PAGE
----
An excellent book, whose heart consists of three chapters covering three unfair information systems developed roughly between 2012 and 2016: the state of Indiana’s automatized welfare eligibility process, a coordinated entry system in Los Angeles to match the homeless with available housing, and the Allegheny County Office of Children, Youth and Families (CYF)’s Information and Demographics System (KIDS) to predict children which could be at risk of abuse. It makes for a fascinating and non-triv ...more
Roshni Sahoo
Dec 13, 2020 rated it it was amazing
an important read for all data scientists/ML people!!

I kept took some notes while reading and would love to discuss this book w anyone who is curious. To be completely honest, this book did deflate my hope a bit about using machine learning for social good for various reasons.

1) Automated systems and ML will not solve the root cause of social problems.

Eubanks argues that using automated systems to optimally allocate resources doesn't really solve the root social issues and worse, distracts fr
Willy Marz Thiessam
Virginia Eubanks has done all of us a favor, and we should really appreciate how difficult this must have been. She looks at a large stretch of American history, in how it treats its poor and oppressed minority groups and uses technology to do so. This is not an easy or pleasant thing to come to grips with, but Ms. Eubanks does it with this very readable and succinct volume. She leaves nothing out and brings us to an overall understanding of what has occurred and the general direction.

Everyone w
Carlos Castillo
May 30, 2018 rated it it was amazing  ·  review of another edition
Read before creating your machine learning models

If you're a researcher or practitioner who wants to create new methods for evaluating risks, prioritizing benefits, or similar applications, read this first. It is a great analysis grounded on the study of three key cases in the US, but from which you can draw general conclusions and guidelines.
Mar 14, 2018 rated it liked it
Shelves: priority-list
2.5 stars. I'd been really excited about the book, so I think my rating is lower than it would have been since it didn't live up to my expectations, mostly because many of the arguments were structured around anecdotes. ...more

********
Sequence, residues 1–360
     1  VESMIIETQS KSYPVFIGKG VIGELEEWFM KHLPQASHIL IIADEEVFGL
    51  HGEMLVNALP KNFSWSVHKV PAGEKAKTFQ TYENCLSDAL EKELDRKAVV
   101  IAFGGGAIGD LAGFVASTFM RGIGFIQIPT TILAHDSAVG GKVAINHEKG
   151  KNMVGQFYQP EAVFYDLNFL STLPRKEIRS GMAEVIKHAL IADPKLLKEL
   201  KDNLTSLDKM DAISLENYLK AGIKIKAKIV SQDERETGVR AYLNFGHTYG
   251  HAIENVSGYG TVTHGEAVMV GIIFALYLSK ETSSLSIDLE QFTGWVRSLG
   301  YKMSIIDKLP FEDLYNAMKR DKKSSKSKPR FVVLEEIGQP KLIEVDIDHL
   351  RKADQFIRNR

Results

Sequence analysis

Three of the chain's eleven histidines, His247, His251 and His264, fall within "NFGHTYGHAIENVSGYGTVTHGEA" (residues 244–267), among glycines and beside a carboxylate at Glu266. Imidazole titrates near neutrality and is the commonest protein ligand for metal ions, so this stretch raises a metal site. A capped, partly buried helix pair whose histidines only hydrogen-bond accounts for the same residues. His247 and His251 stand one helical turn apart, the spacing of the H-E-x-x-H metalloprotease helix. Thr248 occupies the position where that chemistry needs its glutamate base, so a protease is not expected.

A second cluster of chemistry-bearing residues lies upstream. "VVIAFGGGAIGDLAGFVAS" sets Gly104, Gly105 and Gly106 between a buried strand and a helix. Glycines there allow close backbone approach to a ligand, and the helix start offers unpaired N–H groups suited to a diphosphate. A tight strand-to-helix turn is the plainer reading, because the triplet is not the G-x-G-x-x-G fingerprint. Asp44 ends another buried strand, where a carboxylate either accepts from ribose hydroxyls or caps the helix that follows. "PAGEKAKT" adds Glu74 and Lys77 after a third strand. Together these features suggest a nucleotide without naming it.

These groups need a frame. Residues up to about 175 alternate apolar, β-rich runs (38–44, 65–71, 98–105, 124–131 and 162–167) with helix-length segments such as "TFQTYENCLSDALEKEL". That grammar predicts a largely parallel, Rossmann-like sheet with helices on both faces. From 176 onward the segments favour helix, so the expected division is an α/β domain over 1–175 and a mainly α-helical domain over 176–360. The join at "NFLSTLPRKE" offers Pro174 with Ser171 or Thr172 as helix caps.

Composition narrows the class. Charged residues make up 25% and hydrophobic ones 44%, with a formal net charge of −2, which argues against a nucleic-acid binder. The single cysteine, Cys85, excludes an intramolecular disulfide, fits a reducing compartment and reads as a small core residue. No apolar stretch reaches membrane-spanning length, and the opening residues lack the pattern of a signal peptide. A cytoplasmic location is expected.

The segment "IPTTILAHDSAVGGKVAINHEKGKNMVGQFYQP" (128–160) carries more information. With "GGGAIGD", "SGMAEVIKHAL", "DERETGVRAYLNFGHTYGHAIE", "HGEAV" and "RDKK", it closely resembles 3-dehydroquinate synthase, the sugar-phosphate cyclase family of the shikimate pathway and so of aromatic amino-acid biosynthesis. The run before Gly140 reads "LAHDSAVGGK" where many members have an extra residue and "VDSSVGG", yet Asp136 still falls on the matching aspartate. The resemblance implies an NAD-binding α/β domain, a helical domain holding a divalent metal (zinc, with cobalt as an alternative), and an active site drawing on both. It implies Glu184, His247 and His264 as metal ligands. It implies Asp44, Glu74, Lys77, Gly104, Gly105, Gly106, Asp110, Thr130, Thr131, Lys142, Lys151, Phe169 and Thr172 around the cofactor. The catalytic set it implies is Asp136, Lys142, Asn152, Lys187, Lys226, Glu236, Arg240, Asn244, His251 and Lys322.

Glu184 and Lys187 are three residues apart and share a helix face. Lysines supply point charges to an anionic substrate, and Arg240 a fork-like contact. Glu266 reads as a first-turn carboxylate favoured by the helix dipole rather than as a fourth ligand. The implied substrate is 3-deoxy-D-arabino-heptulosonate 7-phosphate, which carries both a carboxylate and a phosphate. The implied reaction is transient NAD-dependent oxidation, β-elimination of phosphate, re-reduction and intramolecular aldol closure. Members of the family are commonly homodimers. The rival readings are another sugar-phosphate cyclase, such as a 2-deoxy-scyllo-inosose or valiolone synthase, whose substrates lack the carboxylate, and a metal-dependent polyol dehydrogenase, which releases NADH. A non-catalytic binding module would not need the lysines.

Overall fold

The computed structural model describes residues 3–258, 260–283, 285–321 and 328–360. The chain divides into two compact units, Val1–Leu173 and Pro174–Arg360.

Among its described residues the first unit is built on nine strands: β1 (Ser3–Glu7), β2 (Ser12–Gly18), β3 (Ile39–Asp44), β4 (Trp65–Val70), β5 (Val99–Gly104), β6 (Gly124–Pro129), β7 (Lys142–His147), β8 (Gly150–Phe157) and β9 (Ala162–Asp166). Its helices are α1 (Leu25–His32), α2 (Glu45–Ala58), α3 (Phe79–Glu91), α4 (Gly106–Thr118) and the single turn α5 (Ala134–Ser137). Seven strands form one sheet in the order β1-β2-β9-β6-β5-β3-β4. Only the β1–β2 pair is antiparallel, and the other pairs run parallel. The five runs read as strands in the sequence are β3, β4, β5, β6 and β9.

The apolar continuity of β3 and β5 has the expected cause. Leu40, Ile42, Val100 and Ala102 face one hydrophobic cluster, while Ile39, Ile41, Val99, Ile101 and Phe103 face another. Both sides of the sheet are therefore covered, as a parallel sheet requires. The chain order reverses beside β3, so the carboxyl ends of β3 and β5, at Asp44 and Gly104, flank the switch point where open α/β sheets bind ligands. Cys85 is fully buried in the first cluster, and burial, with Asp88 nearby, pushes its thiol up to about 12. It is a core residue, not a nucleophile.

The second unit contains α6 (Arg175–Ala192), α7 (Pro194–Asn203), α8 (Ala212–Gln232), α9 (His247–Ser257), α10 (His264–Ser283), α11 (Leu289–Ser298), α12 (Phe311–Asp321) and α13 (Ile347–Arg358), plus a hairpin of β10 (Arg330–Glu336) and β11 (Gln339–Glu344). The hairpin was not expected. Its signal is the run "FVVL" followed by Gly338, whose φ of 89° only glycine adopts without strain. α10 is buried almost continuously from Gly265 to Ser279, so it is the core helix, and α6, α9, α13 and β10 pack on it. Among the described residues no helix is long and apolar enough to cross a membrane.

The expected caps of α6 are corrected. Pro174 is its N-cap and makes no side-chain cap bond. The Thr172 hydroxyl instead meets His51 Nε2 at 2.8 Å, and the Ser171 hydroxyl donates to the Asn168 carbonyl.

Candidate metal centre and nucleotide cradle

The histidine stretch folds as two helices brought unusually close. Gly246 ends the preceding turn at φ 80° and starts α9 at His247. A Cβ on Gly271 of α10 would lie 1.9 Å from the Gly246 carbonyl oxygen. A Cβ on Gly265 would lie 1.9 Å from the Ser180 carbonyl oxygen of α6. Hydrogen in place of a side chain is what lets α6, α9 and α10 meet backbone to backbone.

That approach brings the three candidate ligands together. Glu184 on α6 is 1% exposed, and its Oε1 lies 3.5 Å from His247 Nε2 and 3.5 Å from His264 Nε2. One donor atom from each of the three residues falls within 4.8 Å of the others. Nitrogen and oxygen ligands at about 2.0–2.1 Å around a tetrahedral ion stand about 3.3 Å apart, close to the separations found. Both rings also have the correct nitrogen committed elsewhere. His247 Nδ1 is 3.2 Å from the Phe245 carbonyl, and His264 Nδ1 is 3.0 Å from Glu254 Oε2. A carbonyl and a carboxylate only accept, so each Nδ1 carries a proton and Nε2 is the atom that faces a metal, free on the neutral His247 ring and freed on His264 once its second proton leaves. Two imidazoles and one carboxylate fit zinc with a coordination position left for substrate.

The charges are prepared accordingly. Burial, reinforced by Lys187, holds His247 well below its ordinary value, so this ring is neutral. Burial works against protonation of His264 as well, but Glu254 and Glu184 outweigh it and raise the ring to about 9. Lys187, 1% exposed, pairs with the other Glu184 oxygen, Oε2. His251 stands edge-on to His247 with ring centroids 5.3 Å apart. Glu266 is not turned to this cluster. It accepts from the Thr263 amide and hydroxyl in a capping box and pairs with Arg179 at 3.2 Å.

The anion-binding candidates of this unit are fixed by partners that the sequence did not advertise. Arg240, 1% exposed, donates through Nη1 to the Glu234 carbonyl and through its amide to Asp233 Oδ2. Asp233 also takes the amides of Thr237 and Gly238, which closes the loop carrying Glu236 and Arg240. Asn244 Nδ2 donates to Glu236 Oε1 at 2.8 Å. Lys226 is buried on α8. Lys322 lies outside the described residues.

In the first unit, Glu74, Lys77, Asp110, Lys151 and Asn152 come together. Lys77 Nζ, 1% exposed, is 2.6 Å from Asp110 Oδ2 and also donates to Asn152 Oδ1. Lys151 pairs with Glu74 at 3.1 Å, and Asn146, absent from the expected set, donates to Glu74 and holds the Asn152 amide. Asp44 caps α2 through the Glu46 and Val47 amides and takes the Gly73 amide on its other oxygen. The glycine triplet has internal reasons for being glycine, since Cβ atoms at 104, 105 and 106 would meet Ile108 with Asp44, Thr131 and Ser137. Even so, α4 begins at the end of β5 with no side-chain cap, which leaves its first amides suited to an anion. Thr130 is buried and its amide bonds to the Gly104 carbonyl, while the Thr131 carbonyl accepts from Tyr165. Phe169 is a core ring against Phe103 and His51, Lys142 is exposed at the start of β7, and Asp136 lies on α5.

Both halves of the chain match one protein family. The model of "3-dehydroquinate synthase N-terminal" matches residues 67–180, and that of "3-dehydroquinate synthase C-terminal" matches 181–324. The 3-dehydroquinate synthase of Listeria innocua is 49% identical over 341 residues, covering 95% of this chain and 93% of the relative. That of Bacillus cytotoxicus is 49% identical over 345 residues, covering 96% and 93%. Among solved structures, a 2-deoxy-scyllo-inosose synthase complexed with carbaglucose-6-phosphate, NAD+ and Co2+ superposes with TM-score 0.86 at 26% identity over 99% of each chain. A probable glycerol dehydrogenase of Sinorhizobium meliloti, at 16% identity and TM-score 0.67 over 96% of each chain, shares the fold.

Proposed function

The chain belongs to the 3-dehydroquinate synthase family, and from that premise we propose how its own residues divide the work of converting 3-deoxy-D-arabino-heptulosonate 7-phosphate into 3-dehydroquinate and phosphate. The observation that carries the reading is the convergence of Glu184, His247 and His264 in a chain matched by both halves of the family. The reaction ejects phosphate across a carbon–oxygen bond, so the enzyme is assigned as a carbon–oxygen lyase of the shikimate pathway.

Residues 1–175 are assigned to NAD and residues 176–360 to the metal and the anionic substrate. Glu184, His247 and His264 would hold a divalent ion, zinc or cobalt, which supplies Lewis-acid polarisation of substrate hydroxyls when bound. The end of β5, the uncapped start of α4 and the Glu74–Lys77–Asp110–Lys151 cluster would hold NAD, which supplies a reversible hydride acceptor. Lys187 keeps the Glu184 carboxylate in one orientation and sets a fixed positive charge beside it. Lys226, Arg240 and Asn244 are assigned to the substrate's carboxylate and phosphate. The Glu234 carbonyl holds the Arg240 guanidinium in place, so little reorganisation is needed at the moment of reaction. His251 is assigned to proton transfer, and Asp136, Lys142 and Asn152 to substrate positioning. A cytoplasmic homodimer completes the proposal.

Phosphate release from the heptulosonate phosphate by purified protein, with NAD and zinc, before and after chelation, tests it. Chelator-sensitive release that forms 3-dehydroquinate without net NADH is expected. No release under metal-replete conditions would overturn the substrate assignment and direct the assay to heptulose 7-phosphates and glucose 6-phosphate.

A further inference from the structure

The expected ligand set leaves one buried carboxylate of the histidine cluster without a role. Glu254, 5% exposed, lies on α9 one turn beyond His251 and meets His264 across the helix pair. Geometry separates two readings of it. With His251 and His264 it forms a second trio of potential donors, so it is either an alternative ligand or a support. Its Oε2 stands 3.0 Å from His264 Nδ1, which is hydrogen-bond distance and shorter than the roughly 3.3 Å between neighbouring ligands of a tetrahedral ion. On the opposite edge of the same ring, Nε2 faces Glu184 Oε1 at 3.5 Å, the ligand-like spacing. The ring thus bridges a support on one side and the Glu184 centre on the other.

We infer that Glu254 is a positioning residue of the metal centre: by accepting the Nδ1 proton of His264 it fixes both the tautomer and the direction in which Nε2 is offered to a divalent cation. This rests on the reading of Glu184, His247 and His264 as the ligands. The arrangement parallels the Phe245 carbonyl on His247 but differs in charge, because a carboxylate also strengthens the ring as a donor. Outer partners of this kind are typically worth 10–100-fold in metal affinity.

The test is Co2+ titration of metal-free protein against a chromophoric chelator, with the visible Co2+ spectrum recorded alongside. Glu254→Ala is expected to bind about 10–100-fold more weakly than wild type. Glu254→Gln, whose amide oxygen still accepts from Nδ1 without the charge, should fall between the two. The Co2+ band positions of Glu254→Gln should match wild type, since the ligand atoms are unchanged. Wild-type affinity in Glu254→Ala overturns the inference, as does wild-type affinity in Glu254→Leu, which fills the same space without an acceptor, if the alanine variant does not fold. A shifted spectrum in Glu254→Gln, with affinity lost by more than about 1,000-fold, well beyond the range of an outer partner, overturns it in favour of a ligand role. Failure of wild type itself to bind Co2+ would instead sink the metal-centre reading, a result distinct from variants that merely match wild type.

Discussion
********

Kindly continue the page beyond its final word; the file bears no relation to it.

Jan 28, 2021 rated it really liked it
Rising inequality has been a problem of rapid globalization. The United States saw the new technologies of computers, communication, and Artificial Intelligence as a solution to manage poverty and administer welfare benefits. Virginia Eubanks, academic and author, shows in this book how technology has increased efficiencies but kept the imperfections in the welfare systems intact. Faceless algorithms with their opaque reasoning have made life more difficult for those seeking access to food, shel ...more
Jun 08, 2018 rated it really liked it
Here is another sociological contribution to critical studies of the digital age. In this book, Eubanks uses three case studies of reconfiguration of social services to digital automation - what she dubs the "digital poorhouse" and their consequences. So, this book takes its place with Cathy O'Neill's Weapons of Math Destruction and David Lyon's framework of the surveillance society. In all three cases, digital systems serve as diversion (pushing people off social services), managing scarcity an ...more
Zella Kate
Apr 26, 2018 rated it liked it
Shelves: nonfiction, sociology
Wanted to like this book more than I did. The arguments Eubanks makes are solid, and the best part of the book are her profiles of high-tech social programs gone awry, whether they are the social services system in Indiana, housing for the homeless programs in Los Angeles, or child abuse prediction systems in Pittsburgh. These profiles reminded me of long-form journalism, the type of in-depth reporting you see in better-quality magazines. They were well-written and included powerful anecdotes an ...more
Sep 27, 2020 rated it really liked it
This book is one of the most interesting texts on AI and it’s social effects. Really appreciate the stories of affected people, many times ignored, mostly related to poor people. However, it baffled me that the author -although this text is about inequality- doesn’t dedicate a single chapter to analyze the means of production of digital technologies and the role it plays as an ideology means. Like almost all authors from the US who work on the matter, there is a worrying lack of economic analysi ...more
Frederic Bush
Mar 19, 2018 rated it it was ok
I wanted to like this book, but the author is not trustworthy -- claims without evidence that she was secretly investigated for insurance fraud, moves beyond the evidence on two of her case studies. While she does marshal evidence that automated welfare changes in Indiana were bungled to ruinous effect, for her other case studies she does not compare the effectiveness of algorithms with the effectiveness of people, and instead unfairly points out the faults of algorithms without pointing out the ...more
Andrei Barbu
Apr 20, 2018 rated it it was amazing
A terrifying view into a dystopian future that we're blindly walking into. ...more
Dec 27, 2020 rated it really liked it
Shelves: non-fiction
A solid book that outlines America's history of waging war against the poor in order to maintain the status quo. The author goes through several examples of how algorithms some (especially tech-oriented people) would expect to solve inequality and improve America's welfare system actually continues our country's effort to police poor people. I especially enjoyed how the author detailed our nation's history with welfare and how we got to the point we're at.